Dissertation/Thesis Abstract

Frontier enterprise: Immigrant winemaking in Mendoza, Argentina (1884–1914)
by Bajwa, Uttam, Ph.D., The Johns Hopkins University, 2012, 289; 3532404
Abstract (Summary)

In this dissertation I examine the strategies Southern European immigrants to Mendoza, Argentina undertook to establish themselves in the social, cultural, and economic life of the Province of Mendoza and specifically in the wine industry. Taking advantage of new possibilities enabled by late-nineteenth century transportation, demographic, and financial transformations, immigrant winemakers were flexible, creative entrepreneurs in an emerging industry. I argue that newcomers entered the Mendoza wine industry with relative ease and overcame institutional barriers to participation in the industry, by exploiting established networks of information about economic opportunities in Mendoza; by participating in a contract-labor system that gave preference to immigrant families; and most importantly, by creating businesses and business networks based on place of origin and the family. They were part of larger networks of family, place-of-origin, residential, and professional relationships that were essential to their incorporation into Mendoza and the wine industry.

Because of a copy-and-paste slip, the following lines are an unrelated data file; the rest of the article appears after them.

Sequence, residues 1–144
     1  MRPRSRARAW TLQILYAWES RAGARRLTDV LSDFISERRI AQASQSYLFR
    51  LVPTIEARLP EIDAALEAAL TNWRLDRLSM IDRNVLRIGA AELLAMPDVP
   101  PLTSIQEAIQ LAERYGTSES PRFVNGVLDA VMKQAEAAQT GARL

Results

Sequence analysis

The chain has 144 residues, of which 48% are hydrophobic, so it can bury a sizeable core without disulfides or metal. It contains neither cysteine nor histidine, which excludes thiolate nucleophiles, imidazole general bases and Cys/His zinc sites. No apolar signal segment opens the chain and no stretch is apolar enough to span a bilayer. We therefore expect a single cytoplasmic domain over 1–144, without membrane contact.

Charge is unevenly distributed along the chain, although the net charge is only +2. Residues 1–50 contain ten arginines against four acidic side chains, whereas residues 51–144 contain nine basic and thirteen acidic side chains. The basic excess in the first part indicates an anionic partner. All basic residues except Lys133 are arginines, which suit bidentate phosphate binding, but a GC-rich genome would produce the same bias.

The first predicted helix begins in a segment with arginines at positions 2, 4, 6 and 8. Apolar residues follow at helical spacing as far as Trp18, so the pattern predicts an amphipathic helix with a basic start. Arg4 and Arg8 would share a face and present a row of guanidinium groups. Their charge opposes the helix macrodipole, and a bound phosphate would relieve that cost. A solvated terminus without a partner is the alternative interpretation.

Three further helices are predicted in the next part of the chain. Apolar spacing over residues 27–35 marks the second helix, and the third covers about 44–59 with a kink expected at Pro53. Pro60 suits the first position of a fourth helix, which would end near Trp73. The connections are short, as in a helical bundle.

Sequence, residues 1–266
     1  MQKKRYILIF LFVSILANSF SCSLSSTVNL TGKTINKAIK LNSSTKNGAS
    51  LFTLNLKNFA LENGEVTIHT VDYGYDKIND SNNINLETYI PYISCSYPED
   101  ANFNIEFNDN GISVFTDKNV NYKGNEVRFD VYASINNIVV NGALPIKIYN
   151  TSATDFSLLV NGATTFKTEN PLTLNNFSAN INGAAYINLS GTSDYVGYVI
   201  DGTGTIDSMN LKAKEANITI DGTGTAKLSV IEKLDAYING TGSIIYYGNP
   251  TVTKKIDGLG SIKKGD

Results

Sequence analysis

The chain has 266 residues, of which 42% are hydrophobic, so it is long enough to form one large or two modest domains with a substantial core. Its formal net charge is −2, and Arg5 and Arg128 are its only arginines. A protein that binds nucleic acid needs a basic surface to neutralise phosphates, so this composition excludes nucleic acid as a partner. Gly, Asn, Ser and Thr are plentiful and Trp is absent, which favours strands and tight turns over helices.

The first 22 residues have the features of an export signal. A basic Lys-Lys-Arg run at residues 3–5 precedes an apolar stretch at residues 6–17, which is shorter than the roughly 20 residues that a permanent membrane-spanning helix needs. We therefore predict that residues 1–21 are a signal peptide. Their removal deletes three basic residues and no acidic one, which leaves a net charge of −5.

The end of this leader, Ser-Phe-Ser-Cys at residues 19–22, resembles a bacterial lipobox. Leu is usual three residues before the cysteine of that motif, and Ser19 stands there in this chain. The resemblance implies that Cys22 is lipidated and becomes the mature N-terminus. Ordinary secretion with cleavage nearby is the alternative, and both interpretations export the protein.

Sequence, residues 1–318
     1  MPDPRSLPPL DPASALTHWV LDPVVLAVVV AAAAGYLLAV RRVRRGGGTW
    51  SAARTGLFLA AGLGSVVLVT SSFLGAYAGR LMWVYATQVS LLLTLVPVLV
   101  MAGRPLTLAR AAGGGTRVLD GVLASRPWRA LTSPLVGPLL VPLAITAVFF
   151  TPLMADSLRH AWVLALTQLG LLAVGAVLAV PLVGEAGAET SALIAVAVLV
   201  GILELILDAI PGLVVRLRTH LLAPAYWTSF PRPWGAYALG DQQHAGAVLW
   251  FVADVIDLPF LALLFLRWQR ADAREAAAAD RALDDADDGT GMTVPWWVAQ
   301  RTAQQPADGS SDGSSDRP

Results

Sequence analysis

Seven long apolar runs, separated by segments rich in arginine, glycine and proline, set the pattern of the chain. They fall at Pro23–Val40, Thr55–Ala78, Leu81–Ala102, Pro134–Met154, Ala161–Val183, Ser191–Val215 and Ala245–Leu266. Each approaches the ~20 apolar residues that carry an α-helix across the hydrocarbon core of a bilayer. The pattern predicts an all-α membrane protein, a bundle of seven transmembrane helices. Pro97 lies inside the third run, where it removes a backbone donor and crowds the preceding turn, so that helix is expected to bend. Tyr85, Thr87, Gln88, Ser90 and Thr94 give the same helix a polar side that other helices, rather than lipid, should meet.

Looking at the vineyards and bodegas of newcomers to Argentina demonstrates ways people used social networks and other "non-market" relationships to successfully compensate for the weak banking system and limited institutional support for businesses. Newcomers effectively reworked existing institutions to meet their changing needs in spite of a relatively conservative legal context for doing business. In doing so, immigrant winemakers showed a remarkable ability to adapt to Mendoza, perhaps most striking in the upward mobility of the largest-scale immigrant winemakers into the province's elite. Relying on a range of primary sources, especially notarized contracts, government reports, and newspapers, this dissertation shows that winemaking immigrants and their Argentine peers positioned themselves consciously—and in the end mostly successfully—to exploit the business opportunities available to them.

Indexing (document details)
Advisor: Knight, Franklin W.
Commitee: Casro-Kiazen, Sara, Galambos, Louis, Portuondo, Maria, Vinson, Ben, III
School: The Johns Hopkins University
Department: History
School Location: United States -- Maryland
Source: DAI-A 74/03(E), Dissertation Abstracts International
Subjects: Latin American history
Keywords: Argentina, Business history, Immigration, Mendoza, Regional development, Wine
Publication Number: 3532404
ISBN: 978-1-267-75239-0
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